Coupled detrital sanidine and zircon data, combined with sedimentological and stratigraphic observations, provide temporal constraints on the post-Laramide paleogeographic and structural evolution of the eastern Uinta Mountains region from the late Eocene to late Miocene (ca. 36–8 Ma). Maximum depositional ages (MDAs) calculated from detrital zircon U-Pb and detrital sanidine 40Ar/39Ar ages indicate that the most significant Paleogene fluvial system in the region, represented by the Bishop Conglomerate, existed from 36 to 27 Ma. The abundance of red sandstone and gray limestone clasts, paleocurrent directions, and the large number of Grenville-age detrital zircons suggest that the Uinta Mountain Group (UMG) facies of the Bishop Conglomerate are tributaries that flowed radially away from the crest of the Uinta Mountains. To the north of the Uinta Mountains, these rivers joined a mainstem river in southwestern Wyoming represented by the Bishop Conglomerate Firehole Canyon (FC) facies. This facies consists of rounded cobble- to pebble-sized quartzite clasts with minor quantities of volcanic rocks, has westward paleocurrent directions, and abundant young (younger than 40 Ma) detrital zircon and sanidine grains. Detrital sanidine age and geochemical data suggest that these young detrital grains are tephra that originated from the Basin and Range volcanic field, which was subsequently reworked into Bishop Conglomerate sediments. The more regional headwaters of the mainstem river could have been located east of the Uinta Mountains, or in the Challis and Absaroka volcanic fields and the Wind River Mountains located to the northwest of the region. The question of whether the FC facies of the Bishop Conglomerate represents part of an integrated river system that was a precursor to the Platte River remains unresolved.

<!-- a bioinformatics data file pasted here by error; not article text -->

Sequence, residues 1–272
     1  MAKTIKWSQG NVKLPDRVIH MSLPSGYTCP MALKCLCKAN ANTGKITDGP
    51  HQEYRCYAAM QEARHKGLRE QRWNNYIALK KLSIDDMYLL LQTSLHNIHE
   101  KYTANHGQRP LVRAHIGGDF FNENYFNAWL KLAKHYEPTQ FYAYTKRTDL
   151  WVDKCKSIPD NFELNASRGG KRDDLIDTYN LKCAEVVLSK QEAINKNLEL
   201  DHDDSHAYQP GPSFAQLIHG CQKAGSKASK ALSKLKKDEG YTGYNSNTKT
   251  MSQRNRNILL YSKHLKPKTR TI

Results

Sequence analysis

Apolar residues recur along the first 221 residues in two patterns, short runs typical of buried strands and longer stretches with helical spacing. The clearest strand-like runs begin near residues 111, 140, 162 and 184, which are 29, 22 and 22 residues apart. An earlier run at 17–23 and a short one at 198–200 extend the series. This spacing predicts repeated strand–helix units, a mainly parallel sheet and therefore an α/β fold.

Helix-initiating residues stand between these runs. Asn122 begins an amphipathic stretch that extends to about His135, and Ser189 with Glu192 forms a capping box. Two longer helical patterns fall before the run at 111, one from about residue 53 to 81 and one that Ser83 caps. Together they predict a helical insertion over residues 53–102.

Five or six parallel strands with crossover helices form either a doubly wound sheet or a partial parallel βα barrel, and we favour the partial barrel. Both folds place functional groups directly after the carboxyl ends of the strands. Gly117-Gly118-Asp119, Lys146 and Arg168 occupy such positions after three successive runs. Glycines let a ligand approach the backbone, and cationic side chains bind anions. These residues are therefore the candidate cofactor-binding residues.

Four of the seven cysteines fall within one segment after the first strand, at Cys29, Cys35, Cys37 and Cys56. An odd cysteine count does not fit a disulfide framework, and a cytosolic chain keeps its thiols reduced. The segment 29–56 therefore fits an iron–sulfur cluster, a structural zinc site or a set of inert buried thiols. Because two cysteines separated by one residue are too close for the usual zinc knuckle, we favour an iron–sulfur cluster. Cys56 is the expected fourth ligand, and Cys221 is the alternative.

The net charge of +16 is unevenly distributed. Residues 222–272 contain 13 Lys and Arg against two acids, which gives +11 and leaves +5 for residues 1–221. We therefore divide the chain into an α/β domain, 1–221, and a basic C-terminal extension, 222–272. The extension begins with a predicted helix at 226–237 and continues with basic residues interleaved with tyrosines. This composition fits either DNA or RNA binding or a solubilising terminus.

Extensional collapse of the eastern Uinta Mountains was marked by the cessation of Bishop Conglomerate fluvial deposition and the onset of Browns Park Formation sedimentation within the Browns Park graben beginning ca. 25 Ma. Tuffaceous sandstone and siltstone and minor quantities of carbonate accumulated in a mosaic of fluvial and lacustrine environments representing an internally drained basin. Detrital sanidine age and geochemical data for young (younger than 40 Ma) grains also support a volcanic ash-fall origin. Some of the grains originated from the Southern Rocky Mountain volcanic field, and were reworked into Browns Park Formation deposits. New MDAs of Browns Park Formation sediments that unconformably overlie Neoproterozoic UMG rocks in westernmost Browns Park provide evidence for a younger (12–8 Ma) phase of extensional collapse of the eastern Uinta Mountains that was associated with 10–20 km of northwestward-directed lengthening of the Browns Park graben. These data are compatible with models for two stages of post-Laramide epeirogenic uplift of the Uinta Mountains region, including post–12 Ma tectonism that set the stage for subsequent integration of the Green and Colorado Rivers after 8 Ma.